Timberwolves forward Andrew Wiggins has been even better in his second season, after earning Rookie of the Year honors in 2014-15.
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He’s not alone in showing significant improvement in year two among past honorees.
Eleven of the past 15 Rookie of the Year winners have increased their scoring average in their second seasons. Ten have gone on to become All-Stars at some point in their careers, five have become first-team all-NBA players and two have been named MVP.
While most needed a few seasons to maximize their potential, stars such as LeBron James, Kevin Durant and Chris Paul improved on impressive rookie seasons with All-Star worthy sophomore campaigns. Here is a look at how the past six Rookie of the Year winners have fared in season two:
2014-15 winner: Andrew Wiggins, Minnesota Timberwolves
Recap: Wiggins has been better statistically in almost every category, leading the Timberwolves in scoring in double digits in all but five games. The 21-year-old has stepped up big against the best opponents, scoring 32 in last week’s win over Golden State and 23 in the win over Portland. He’s shown an improved ability to drive to the net this season and draw fouls. His 3-point shooting still needs to improve, but he has become a guy who could put up potential All-Star numbers in future years.
2013-14 winner: Michael Carter-Williams, Philadelphia 76ers
Recap: Carter-Williams put up gaudy numbers playing for a 19-63 Philadelphia team as a rookie, and couldn’t replicate them in year two. The 76ers traded him to Milwaukee midway through his second season, and his numbers have declined each of the past two years. He may never be an All-Star, but he could be a solid backup point guard for the Bucks.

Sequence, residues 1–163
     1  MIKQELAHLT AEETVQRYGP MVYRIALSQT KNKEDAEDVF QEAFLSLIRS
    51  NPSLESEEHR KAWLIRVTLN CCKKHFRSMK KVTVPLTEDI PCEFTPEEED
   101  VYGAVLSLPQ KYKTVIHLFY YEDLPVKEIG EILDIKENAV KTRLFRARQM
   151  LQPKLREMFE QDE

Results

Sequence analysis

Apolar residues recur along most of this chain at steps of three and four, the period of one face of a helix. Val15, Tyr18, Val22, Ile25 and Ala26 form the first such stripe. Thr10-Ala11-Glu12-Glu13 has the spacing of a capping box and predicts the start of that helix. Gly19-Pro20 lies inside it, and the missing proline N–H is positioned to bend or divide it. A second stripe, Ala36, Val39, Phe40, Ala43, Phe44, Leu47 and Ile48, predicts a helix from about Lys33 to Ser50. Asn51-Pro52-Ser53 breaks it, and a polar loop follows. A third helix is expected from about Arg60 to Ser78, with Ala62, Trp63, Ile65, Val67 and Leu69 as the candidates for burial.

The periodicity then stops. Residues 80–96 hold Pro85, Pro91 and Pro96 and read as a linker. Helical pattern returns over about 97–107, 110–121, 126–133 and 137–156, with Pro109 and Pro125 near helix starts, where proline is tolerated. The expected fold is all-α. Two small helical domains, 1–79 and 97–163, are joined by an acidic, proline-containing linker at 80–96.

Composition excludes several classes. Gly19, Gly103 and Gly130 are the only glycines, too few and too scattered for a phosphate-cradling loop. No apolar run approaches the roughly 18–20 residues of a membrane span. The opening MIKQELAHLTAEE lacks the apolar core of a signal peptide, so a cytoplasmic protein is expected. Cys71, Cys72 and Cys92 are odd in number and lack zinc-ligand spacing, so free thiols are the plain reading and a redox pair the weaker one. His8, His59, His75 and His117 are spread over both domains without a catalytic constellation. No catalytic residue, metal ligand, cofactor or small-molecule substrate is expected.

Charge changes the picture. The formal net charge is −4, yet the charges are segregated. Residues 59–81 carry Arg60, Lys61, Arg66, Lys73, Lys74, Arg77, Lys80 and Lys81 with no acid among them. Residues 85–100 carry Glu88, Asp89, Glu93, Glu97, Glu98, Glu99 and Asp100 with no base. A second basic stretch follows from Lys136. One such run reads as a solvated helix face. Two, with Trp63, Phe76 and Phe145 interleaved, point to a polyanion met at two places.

Recap: Lillard has become a star in his four years in the league, earning two All-Star appearances and a snub this season. He’s averaging a career-high 25.1 points per game in 2015, leading the LaMarcus Aldridge-less Trail Blazers to another playoff berth. His star will only rise as he reaches his late 20s.
2011-12 winner: Kyrie Irving, Cleveland Cavaliers
Recap: Irving has been an All-Star in three of his five seasons, though he wasn’t selected this season. His scoring average this season is down to 19.3 points per game, slightly below his career average of 20.7. His defensive rating has also slipped in each of the past five years. While he’s still an All-Star and only 24 years old, perhaps he isn’t the potential MVP candidates that many envisioned he could be.
2010-11 winner: Blake Griffin, Los Angeles Clippers
Recap: The advanced stats show that Griffin has been one of the most dominant players in the league since his rookie year. His career player efficiency rating is 22.8, well above the league average of 15. His team has made the playoffs every year since his rookie year, and Griffin has been a key part of that success.
2009-10 winner: Tyreke Evans
Recap: Evans saw his numbers dip across the board in his second season on a team that featured another strong rookie in DeMarcus Cousins. He’s averaged between 14.5 and 16.5 points per game in the five ensuing seasons, the past three of them with the Pelicans. He may never be an All-Star, but he’s certainly a top-15 point guard in the NBA.